You see them on your calendar or splashed across a banner at a local business: Pancake Week, National Hairball Awareness Day (fur real), Sibling Appreciation Day.
From Asparagus Month to World Book Day, there’s a celebration or commemoration period for just about everything. Perhaps one of the best known is, "Be Kind to Animals Week" (May 6-12 this year), which was created in 1915 by the American Humane Association to celebrate the human-animal bond and recognize the value of all living creatures.
Being kind to animals is something we should do year-round, of course, but it never hurts to take a moment—or a week—to think about some of the best ways to do that. Here are some ideas to help make your dog or cat’s life better—not just for a week but throughout its life:
1. Understand your pet’s needs. Knowing and meeting an animal’s physical and emotional requirements can help you provide a stimulating environment that will prevent boredom or troublemaking. That can include taking dogs for daily walks and giving them time to sniff, or providing cats with tall scratching posts that allow them to stretch and climb or enclosed outdoor play areas where they can roll in the grass and nap in a puddle of sunshine.
2. Give your dog or cat some interactive puzzle toys. Switch them out occasionally so they always have something new to keep them occupied.
3. Play with your cat. Just like dogs, they need and enjoy exercise and play. Bonus: they don’t need as much. Get a big peacock feather to wave around, some Ping Pong balls, a wand with a toy dangling from a string, or a puzzle toy loaded with treats, then watch your sedate cat turn into a kitten again. For more ways to keep your cat entertained and exercised, visit a web site called the Indoor Cat Initiative (indoorcat.org), created by Tony Buffington, DVM, of Ohio State University, who studies stress-induced lower urinary tract disease in cats.
4. Take your dog for a walk. Choose a time when you can go at his pace, letting him sniff to his olfactory content. Note what catches his attention. You just might see something new.
5. Teach your pet a new trick. Training gives the brain a workout and helps pets stay young at heart. It’s also a good way to get in a little exercise: practicing that come-when-called command gets them moving, especially when they know a treat is waiting for them. This works for cats as well as dogs. Other easy tricks to teach include sit up and wave, and jumping through a hoop. Look for books on trick -training at the library or pet supply store.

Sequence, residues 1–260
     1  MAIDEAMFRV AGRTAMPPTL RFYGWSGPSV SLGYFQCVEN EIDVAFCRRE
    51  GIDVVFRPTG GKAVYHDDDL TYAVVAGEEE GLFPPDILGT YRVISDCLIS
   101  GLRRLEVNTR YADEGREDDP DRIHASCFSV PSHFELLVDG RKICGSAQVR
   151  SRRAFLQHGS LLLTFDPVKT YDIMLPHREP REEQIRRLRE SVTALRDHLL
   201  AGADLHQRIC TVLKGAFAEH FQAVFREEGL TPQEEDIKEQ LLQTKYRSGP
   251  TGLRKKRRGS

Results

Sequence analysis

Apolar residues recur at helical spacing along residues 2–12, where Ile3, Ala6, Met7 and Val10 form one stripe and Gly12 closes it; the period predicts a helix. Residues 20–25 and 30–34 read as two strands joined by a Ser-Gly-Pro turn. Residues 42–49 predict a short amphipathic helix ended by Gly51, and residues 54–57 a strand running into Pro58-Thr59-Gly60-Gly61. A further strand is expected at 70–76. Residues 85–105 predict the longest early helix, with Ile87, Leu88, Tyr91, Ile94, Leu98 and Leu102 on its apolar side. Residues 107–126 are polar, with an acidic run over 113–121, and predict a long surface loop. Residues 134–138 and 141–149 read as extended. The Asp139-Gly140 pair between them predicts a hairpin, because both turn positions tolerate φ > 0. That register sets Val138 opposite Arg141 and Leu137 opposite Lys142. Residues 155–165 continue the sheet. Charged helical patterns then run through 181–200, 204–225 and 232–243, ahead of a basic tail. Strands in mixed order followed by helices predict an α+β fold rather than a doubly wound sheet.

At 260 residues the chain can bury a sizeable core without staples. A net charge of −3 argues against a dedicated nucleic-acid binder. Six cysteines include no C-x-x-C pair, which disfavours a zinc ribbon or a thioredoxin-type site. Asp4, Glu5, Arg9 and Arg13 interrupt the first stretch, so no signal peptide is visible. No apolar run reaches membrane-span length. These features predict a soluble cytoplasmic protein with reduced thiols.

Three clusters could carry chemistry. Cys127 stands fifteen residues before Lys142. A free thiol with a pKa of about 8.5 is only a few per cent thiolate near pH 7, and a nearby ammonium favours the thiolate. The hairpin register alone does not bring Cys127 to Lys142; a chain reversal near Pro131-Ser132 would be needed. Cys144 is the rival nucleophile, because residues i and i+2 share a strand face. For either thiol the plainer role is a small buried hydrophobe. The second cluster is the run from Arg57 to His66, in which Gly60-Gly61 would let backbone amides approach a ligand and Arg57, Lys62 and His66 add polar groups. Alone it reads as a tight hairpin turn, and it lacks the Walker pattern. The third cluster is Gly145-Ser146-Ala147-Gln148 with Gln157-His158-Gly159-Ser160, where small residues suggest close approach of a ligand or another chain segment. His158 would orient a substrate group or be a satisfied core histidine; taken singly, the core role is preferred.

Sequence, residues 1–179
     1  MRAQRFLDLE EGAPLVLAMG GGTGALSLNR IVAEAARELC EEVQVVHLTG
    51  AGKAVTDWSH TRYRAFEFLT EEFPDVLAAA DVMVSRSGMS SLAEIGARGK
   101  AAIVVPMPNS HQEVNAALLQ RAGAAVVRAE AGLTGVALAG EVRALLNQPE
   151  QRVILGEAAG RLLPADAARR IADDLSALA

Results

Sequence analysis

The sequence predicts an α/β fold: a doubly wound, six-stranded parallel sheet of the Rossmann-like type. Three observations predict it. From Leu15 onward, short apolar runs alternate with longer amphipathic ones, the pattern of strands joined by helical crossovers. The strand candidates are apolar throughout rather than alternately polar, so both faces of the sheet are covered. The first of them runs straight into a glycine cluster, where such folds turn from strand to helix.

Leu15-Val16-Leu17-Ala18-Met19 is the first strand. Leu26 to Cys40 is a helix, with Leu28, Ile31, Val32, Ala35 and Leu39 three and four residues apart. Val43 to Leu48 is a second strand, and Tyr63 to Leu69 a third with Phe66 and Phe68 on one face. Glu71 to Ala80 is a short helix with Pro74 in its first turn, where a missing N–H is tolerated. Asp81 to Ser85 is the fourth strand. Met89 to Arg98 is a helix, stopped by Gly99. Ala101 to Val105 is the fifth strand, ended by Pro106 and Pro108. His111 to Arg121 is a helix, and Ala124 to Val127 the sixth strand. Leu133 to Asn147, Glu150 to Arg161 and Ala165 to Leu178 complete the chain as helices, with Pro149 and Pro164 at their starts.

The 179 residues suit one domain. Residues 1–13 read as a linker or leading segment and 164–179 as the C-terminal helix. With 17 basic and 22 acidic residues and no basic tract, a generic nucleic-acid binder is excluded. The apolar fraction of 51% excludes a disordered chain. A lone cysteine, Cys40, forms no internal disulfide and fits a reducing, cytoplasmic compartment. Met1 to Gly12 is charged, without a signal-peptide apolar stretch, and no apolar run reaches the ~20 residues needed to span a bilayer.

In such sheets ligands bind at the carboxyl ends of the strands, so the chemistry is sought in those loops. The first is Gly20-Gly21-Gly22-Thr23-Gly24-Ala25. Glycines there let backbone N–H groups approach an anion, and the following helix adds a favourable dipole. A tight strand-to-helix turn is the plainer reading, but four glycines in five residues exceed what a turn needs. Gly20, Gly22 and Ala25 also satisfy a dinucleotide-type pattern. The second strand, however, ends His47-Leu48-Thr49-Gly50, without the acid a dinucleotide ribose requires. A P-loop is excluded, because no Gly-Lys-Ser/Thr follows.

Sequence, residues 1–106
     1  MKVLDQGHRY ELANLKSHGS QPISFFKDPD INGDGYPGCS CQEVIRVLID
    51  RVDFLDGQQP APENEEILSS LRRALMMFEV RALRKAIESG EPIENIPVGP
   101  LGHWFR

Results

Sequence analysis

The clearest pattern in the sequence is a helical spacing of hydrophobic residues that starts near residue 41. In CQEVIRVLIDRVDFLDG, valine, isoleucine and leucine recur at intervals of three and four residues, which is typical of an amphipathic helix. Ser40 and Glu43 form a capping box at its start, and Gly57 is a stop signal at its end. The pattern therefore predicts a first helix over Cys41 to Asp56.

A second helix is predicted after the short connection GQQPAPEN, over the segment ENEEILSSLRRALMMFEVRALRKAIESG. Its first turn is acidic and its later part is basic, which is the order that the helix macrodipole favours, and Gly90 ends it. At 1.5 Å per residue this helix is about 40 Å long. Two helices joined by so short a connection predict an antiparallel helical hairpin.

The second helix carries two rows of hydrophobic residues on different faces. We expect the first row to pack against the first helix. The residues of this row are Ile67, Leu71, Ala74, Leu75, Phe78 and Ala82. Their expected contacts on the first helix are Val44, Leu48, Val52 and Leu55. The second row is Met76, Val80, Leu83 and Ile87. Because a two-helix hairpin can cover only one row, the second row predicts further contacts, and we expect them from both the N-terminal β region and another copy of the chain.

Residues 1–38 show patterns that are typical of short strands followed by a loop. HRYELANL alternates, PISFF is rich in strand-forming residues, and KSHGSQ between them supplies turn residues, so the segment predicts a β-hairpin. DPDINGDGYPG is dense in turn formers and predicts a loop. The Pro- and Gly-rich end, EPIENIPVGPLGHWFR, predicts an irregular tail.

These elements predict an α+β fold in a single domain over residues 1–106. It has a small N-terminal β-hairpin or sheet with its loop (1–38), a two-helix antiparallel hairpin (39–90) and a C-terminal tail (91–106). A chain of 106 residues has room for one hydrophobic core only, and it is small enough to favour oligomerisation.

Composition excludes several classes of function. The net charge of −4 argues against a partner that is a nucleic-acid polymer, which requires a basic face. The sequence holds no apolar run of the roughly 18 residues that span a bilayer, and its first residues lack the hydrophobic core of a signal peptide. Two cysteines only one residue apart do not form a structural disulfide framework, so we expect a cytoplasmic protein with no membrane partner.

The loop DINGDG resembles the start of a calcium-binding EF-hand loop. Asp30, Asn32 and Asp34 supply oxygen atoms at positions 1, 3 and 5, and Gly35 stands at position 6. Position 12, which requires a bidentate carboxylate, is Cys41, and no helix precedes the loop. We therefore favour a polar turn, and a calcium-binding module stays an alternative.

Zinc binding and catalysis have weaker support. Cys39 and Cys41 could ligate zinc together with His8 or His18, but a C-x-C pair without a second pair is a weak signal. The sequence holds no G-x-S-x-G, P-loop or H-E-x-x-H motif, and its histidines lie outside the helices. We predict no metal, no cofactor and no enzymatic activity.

6. Learn to read your dog's or cat’s mind. There are lots of good books about how animals think and behave. If you know what’s normal for them, you’ll be more able to recognize and cope with problems.
7. Pet your pet. Who doesn’t love a good back scratch or smoothing of the hair by a loving hand? A plus is that it will help lower your blood pressure.
8. Keep your pet healthy. Preventive care by way of regular veterinary exams will help catch problems early and save you money in the long run.
9. Spay or neuter your pet. It has lots of health benefits for dogs and cats and prevents the birth of unwanted kittens or puppies. Talk to your veterinarian about the best age for the surgery. Cats should be altered as early as five months, but some large and giant dog breeds benefit from waiting until they’ve reached their full growth.
9. Keep your pet safe through indoor living, outdoor play only under supervision or on leash, and identification with a collar and tag and a microchip, which serves as backup in case the collar comes off or is removed.
10. Measure your pet’s food so you don’t overfeed him. Overweight pets can develop serious health issues, including diabetes and arthritis. Keeping them slim and fit is a great way to show your love.
11. Clean your cat’s litter box once or twice a day and dump out the litter and clean the box every couple of weeks. Nobody wants to use a filthy bathroom, least of all your fastidious cat.
12. Celebrating "Be Kind to Animals Week" is one way to repay our dogs and cats for being such wonderful companions. They give us the sensory pleasure of petting them, as well as the emotional release of talking to another being that won’t judge us or scold us or make fun of us. There’s something mysterious and sometimes even a little wild about them that makes us feel closer to the natural world.
Those are just a few of my favorite reasons for being kind to animals. What are yours?